We bring you a food trail of Delhi’s Majnu-ka-Tilla, known for its delicious Tibetan offering

The place houses a monastery and a Buddhist Temple. It’s a slow life over there, quite different — in fact, it’s exactly the opposite of the hustle and bustle that Delhi is known for
In frame: The Tibetan monastry in majnu-ka-Tilla
In frame: The Tibetan monastry in majnu-ka-Tilla

Delhi is, without doubt, one of the cities that is known for its street food. Yes, we know, we spoke about
Old Delhi a couple of months ago but here we are back again, with yet another gem of a place that is a must-try, especially if you are someone who loves or wants to try Tibetan cuisine. We are talking about Majnu-ka-Tilla, a Tibetan colony situated in the northern part of Delhi that has become synonymous with the Tibetan migrant population. The place houses a monastery and a Buddhist Temple. It’s a slow life over there, quite different — in fact, it’s exactly the opposite of the hustle and bustle that Delhi is known for. We set apart a day, on a recent trip to Delhi, to explore the streets of Majnu-ka-Tilla and bring you a food trail that should be part of your itinerary the next time you are in this part of the city.

December in Delhi is quite harsh, even for the people who grew up there. You need something piping hot to drink or eat 24/7. Keeping that in mind, we started our food trail with Laphing, a spicy cold plain flour noodle dish — the irony! Made from potato starch, wheat and moong dal, this delicacy akin to the skin of a momo or a chewy khandvi is available in both veg and non-vegetarian options. We are told, that back home in Tibet, this quick bite is had as a snack. We tried the non-vegetarian version and the spiciness perfectly fought the cold weather.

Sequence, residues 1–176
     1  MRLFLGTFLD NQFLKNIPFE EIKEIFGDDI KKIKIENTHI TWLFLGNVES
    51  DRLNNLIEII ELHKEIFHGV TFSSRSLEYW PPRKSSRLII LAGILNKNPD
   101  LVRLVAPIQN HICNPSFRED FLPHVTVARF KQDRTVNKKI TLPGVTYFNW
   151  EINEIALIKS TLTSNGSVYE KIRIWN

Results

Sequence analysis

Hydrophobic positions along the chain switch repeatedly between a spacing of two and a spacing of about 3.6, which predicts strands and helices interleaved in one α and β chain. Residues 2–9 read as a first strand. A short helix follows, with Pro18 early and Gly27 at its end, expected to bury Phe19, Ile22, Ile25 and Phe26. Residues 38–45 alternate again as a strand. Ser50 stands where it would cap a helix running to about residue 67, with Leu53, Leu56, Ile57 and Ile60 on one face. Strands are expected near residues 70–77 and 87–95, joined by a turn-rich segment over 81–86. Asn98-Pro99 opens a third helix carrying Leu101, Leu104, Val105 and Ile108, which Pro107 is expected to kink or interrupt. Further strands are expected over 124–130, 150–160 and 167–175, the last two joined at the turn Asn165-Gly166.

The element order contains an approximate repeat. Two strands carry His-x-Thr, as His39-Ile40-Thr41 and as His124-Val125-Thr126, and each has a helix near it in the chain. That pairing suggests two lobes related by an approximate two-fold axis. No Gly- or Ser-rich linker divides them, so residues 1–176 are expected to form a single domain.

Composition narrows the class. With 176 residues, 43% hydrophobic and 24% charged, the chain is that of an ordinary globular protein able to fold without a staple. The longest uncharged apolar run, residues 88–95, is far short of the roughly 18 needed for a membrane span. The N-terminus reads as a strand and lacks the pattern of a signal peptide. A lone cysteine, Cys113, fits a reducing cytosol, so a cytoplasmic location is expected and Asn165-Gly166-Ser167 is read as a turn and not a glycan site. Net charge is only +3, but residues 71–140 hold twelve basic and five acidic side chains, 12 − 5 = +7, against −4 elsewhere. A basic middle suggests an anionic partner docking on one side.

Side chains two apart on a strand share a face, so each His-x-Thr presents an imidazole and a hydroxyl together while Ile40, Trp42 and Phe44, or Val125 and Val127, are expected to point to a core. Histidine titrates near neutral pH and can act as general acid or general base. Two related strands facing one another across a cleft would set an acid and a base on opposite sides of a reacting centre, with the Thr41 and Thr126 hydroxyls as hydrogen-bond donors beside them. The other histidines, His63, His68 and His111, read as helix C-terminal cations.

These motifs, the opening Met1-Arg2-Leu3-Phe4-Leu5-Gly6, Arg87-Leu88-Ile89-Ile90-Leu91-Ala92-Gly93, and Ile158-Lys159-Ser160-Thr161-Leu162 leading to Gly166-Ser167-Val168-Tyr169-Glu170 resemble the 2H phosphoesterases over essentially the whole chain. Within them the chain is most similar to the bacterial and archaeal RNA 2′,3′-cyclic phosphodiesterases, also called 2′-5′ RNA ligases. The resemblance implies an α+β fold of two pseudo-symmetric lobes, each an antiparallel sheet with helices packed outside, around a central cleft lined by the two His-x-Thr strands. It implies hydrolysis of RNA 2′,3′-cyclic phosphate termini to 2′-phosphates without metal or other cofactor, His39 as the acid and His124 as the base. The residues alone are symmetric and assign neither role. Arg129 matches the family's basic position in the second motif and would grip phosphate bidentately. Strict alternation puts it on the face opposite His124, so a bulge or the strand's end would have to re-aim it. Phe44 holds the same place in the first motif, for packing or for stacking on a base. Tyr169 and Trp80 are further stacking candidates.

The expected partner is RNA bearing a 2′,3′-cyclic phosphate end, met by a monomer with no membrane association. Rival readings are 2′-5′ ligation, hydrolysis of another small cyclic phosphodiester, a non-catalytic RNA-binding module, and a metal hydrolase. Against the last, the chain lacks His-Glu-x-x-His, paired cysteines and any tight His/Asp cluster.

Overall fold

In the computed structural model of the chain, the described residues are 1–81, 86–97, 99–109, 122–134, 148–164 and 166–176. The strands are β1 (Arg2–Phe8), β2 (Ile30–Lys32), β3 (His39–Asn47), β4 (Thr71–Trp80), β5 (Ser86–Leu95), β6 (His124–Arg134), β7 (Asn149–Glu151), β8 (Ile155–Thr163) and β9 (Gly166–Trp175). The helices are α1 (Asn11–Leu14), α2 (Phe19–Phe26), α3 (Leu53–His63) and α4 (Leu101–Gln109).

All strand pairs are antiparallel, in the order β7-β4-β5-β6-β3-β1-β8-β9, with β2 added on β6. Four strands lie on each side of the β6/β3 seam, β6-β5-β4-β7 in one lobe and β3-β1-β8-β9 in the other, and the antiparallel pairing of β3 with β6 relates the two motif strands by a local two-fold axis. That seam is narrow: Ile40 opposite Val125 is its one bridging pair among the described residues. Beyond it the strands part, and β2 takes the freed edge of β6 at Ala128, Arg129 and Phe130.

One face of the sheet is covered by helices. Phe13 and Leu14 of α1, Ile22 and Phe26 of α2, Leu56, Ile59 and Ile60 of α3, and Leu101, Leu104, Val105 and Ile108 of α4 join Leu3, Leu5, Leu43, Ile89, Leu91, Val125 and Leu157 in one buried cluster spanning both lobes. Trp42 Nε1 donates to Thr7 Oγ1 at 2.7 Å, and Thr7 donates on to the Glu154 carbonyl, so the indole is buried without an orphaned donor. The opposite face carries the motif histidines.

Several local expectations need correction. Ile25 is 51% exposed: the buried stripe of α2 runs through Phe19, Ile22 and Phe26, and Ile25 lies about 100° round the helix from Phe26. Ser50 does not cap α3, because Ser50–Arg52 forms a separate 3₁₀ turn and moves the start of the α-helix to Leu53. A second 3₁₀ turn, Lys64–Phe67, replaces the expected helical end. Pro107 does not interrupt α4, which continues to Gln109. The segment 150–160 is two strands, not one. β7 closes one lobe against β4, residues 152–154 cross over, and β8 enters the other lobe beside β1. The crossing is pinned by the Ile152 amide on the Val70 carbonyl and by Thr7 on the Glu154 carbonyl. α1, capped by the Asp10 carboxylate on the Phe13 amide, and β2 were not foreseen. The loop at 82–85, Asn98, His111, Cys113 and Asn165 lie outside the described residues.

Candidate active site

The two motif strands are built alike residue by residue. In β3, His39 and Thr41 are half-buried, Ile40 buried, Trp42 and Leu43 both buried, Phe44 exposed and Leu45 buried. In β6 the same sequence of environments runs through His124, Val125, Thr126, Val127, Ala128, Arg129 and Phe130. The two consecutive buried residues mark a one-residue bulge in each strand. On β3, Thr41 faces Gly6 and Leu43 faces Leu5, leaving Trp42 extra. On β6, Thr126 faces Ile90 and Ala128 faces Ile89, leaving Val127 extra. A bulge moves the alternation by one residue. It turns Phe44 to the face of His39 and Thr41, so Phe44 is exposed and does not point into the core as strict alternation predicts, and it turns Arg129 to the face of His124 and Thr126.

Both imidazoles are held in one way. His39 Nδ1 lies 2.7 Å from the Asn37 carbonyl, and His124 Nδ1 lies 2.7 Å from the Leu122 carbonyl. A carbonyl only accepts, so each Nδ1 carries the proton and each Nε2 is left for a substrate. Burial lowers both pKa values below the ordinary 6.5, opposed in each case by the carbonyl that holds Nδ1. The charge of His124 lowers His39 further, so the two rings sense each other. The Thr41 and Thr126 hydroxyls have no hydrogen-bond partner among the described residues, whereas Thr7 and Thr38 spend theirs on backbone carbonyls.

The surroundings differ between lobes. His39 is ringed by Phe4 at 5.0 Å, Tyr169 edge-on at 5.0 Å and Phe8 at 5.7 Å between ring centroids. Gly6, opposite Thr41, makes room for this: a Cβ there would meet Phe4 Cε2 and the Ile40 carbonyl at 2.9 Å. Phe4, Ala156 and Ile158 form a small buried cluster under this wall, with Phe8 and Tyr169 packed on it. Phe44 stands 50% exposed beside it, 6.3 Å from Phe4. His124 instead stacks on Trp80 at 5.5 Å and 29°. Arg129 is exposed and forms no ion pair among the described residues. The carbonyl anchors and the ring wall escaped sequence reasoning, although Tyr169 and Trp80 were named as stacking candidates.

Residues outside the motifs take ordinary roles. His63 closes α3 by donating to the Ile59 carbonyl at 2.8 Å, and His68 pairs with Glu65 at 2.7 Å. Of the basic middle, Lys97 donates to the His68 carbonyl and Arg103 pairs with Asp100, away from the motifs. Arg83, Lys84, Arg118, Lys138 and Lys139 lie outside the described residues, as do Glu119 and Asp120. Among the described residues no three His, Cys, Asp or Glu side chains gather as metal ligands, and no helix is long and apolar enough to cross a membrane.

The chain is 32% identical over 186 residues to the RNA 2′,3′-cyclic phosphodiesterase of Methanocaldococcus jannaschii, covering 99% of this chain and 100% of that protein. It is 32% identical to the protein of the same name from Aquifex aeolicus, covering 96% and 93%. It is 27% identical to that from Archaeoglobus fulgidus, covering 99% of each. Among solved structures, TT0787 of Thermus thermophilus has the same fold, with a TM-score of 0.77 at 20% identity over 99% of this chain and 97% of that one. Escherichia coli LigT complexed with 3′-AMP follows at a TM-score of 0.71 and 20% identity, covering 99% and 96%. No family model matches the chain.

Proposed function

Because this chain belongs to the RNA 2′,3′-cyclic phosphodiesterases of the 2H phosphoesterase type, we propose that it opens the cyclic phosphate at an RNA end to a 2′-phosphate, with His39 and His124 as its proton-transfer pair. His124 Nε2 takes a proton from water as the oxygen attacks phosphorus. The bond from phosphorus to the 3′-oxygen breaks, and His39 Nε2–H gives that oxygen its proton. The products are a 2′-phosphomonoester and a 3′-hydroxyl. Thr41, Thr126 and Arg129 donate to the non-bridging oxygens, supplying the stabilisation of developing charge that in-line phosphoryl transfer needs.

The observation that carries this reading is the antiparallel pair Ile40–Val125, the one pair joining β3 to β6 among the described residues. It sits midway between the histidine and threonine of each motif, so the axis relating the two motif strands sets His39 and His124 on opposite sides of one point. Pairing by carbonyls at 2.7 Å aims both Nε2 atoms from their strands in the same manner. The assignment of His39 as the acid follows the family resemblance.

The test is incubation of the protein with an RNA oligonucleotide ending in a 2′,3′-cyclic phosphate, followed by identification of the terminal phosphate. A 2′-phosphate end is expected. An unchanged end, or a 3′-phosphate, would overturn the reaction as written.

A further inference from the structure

<strong><em>Potato Momos</em></strong>
Potato Momos

We then made our way to Drepung Loselling, a restaurant specialising in Chinese and Tibetan cuisines. Once making ourselves comfortable, we ordered a plate of potato momos and a bowl of chicken thukpa. We were trying potato momos for the first time and let’s just say we weren’t disappointed. The thukpa was perfect for the chilly weather too but instead of the regular noodles, the thukpa was filled with chunks of steamed maida — much like hand pulled noodles or the western version of dumplings.

Following this, we headed to Gangnam Korean Restaurant. The first thing that caught our mind as we entered the space was the ambience. In between the entrance and the seating area is a cherry blossom tree, which makes an excellent spot for Instagram-worthy pictures. We took a seat overlooking the River Yamuna and the Signature Bridge. Being in a Korean restaurant, you should not miss out on the Soju (a clear and colourless alcoholic beverage). It was served to us with a bottle of Sprite but you can also choose to consume it without an accompanying soft drink. We paired it with steamed rice, Kimchi Jjigae (kimchi soup) and Dak Bokkeum (Korean spicy stir-fried chicken with vegetables). The soju went down smoothly with the stir-fried chicken and we were left craving for more.


But by this time, we were pretty full and still had one last stop to make. We were told that we shouldn’t miss out on Ama Café. The place is usually crowded even during off hours. We thanked our stars as we found a place and made ourselves comfortable. It was evening and the temperature had started to fall even more, so we decided to go for a couple of mugs of hot chocolate and just one word describes it aptly — heavenly! With a big smile and a happy tummy, we made our way back home satiated from finding an authentic piece of Tibetan culture, tucked away in a quiet corner amid the madness and bustle of Delhi.

<strong><em>Hot Chocolate</em></strong>
Hot Chocolate

Email: alwin@newindianexpress.com
X: @al_ben_so

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